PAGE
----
One of the more popular items for us today is gasoline. A gallon of gas was $0.25 in 1923. You had to work an hour for 2.6 gallons of gas; this would get you 18 miles. Today, at the cost of $4.50-$5.00, you can buy 6.2 gallons for one hour of work, and it will get you 155 miles. Gas is actually super cheap today!

We may quibble about these statistics and the durability of goods, but regardless of which source you use, there are clear, order-of-magnitude gains we have enjoyed as consumers over the last century.

One more item (which seems unbelievable) relates to US violent and property crime from 1993 to 2019. The FBI reports that in 1993, 747.1 violent crimes occurred per 100,000 in population; that is down to 379.4 per 100,000 for 2019. Property crime per 100,000 was 4,740 in 1993, and in 2019 was 2,110.

The Church Is in the World but Not of the World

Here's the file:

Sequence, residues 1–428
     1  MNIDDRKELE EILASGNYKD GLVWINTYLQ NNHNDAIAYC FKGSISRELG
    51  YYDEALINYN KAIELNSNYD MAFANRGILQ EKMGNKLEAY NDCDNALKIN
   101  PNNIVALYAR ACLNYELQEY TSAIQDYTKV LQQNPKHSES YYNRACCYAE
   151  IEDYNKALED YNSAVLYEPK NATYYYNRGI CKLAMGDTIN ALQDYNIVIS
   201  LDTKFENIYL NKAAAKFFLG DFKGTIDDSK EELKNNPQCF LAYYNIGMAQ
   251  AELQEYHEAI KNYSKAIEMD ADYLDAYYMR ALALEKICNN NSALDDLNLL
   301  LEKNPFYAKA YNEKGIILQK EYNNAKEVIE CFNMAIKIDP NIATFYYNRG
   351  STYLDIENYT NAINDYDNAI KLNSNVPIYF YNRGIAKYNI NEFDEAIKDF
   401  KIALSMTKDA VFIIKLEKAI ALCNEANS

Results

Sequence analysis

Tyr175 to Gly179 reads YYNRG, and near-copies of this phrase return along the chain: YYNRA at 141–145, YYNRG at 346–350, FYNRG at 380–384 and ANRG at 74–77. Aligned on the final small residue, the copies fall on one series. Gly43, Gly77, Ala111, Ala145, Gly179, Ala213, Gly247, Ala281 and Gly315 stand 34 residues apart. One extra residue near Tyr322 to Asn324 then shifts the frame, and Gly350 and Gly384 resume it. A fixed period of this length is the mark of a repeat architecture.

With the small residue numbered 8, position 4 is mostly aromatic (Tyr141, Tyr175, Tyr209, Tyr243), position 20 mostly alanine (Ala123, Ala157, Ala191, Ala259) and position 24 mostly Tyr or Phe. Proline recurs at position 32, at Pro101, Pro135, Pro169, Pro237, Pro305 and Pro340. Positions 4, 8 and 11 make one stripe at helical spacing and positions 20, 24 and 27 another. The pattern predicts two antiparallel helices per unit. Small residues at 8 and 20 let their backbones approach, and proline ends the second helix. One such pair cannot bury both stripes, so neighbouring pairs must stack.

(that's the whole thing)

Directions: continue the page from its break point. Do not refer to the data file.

This is what we should keep in mind. The Bible speaks of two groups of people: 1) the lost—that is, the world; and 2) the saved—namely, the Church. Someone may point to 2 Timothy 3:13: “But evil men and seducers shall wax worse and worse, deceiving, and being deceived.” So, things will get worse—true—but not for the world; it is happening within the Church. First Timothy 4:1 explains: “Now the Spirit speaketh expressly, that in the latter times some shall depart from the faith, giving heed to seducing spirits, and doctrines of devils.”

When Jesus speaks about the Great Tribulation, in the first place it is addressed to Israel, and then the rest of the world. “For then shall be great tribulation, such as was not since the beginning of the world to this time, no, nor ever shall be” (Matthew 24:21). To ring the alarm bells in the Church about things that are happening in the world, is definitely contrary to Scripture. We as believers must be constantly alert to the dangers of deception. The world is not; she is already deceived. 

What then are the evil days? Paul explains: “For the time will come when they will not endure sound doctrine; but after their own lusts shall they heap to themselves teachers, having itching ears” (2 Timothy 4:3). The world will experience increased prosperity, security, and luxury. The Church—who is in the world but not of the world—also participates in the things the world offers, but our role is totally different. We are not looking for the here and now, but for that which is reserved for us in heaven.

Midnight Call - 08/2022